GRANT #341:

Altars: Black Queer Spirit Work

Altars Aren’t Just For Worship: These Pictures Will Tell A Surprising Story of Spiritual Significance

This Awesome Without Borders grantee really sparks our imagination: 70-year-old, New-Orleans based, Nigerian-British, gender nonconforming, educator, activist, writer and photographer whose lens has captured Haitian Vodoun and spiritual practice amongst queer Kenyans. Meet Sokari Ekine.

The visual storyteller describes their current project, “Altars: Black Queer Spirit Work,” as a collaboration with ten “artists, activists, workers, academics, priests and priestesses of the African Diaspora” who will share the significance and making of their personal altars. The artist will explore how black queer subjects engage with spiritual practice and create rituals as a way of formulating meaning; as Sokari puts it, “Self-determining constructions of freedom and resistance through a constant state of reimagining queer realities.”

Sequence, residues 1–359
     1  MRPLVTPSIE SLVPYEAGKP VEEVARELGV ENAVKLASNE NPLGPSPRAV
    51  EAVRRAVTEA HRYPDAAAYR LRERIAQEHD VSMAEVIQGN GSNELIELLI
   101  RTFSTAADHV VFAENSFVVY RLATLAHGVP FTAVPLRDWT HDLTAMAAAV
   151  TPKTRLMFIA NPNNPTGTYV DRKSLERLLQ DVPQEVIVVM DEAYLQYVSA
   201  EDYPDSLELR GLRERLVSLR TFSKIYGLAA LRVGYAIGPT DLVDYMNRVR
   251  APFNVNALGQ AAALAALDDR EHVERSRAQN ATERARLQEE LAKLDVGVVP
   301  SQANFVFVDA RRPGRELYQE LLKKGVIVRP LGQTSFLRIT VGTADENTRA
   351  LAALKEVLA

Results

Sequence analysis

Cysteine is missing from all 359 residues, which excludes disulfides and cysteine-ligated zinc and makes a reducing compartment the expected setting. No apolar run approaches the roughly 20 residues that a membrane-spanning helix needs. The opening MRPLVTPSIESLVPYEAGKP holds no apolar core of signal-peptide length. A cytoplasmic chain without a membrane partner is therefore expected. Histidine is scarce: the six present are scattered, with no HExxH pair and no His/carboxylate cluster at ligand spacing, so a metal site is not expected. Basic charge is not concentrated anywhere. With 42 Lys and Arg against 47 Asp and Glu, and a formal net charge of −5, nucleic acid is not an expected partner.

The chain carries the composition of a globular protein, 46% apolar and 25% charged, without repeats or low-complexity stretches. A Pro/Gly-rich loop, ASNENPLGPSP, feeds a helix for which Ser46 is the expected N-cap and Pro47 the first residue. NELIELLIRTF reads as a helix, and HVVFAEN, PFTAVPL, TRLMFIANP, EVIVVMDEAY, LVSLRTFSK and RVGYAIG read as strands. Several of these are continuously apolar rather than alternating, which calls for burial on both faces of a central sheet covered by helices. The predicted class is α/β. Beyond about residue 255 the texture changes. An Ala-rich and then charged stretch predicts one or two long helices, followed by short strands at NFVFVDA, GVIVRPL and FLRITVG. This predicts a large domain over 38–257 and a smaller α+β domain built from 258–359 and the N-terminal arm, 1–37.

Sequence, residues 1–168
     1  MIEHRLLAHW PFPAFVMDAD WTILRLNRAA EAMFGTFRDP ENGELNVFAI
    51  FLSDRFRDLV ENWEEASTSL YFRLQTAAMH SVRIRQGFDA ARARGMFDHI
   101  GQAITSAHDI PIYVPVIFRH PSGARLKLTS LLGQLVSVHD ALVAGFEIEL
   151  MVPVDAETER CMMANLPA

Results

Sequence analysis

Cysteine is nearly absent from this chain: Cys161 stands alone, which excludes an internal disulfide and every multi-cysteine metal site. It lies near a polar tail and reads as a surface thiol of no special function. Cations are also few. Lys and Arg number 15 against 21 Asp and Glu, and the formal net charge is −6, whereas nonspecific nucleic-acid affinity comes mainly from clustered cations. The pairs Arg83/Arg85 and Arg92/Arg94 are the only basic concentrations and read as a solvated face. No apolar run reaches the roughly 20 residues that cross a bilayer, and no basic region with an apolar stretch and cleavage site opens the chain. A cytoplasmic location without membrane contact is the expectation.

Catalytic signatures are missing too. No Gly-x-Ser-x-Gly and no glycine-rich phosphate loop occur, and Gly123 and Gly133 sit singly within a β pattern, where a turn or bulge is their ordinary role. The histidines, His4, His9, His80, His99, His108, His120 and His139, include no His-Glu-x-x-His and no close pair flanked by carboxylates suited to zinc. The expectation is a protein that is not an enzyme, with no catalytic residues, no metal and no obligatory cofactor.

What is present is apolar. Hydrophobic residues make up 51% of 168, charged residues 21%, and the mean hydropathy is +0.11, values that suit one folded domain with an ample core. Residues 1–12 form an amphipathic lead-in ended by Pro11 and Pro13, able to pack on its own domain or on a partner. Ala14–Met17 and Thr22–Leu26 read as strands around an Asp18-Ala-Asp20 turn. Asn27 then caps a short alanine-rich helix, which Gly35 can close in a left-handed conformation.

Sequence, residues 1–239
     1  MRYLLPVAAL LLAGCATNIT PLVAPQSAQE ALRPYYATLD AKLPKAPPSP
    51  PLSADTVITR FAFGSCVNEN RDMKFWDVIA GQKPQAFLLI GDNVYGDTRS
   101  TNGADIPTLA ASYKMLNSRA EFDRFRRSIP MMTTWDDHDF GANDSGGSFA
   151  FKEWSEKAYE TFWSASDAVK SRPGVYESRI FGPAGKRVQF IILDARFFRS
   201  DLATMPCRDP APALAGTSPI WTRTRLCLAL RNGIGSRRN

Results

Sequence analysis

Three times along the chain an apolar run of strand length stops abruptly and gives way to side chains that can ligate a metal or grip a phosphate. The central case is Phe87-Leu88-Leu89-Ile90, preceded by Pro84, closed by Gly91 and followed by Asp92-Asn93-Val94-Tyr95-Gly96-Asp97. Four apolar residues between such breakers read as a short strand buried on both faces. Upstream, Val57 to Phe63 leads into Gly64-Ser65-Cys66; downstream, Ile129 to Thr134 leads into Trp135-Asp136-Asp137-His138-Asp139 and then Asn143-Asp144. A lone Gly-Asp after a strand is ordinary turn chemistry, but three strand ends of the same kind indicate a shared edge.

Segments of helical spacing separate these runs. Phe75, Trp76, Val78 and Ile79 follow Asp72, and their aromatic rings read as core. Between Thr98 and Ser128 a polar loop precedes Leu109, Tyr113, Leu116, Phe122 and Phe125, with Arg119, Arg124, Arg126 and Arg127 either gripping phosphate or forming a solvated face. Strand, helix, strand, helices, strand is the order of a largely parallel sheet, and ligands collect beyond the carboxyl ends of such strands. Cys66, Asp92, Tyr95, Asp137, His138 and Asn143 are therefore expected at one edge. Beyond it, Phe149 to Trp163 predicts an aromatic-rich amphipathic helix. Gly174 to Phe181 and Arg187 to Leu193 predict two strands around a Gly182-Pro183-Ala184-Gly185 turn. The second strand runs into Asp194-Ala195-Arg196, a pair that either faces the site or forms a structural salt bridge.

It’s deep. They’ll talk about the spirit work that allows them to engage with their spiritual ancestors, and to build their strength to resist and persist in the face of racial, transphobic, anti-queer and other violence they experience.

These altars might resemble the traditional altars you’ve seen in places of worship, or they might not. There might be altars to ancestors, a communal pop-up or temporary altar, or something most of us haven’t yet thought of as an altar. We can’t wait to see through this photographer’s eyes.

This AWB grant means Sokari Ekine can get new portrait lighting equipment, and some of that expensive ink the good color printers seem to drink like soda pop.

Do you have a personal altar? If it’s not TOO personal, post it on the socials and tag us!

Check out more of Sokari’s work on her website, and follow along with her on Instagram, Facebook, and Twitter.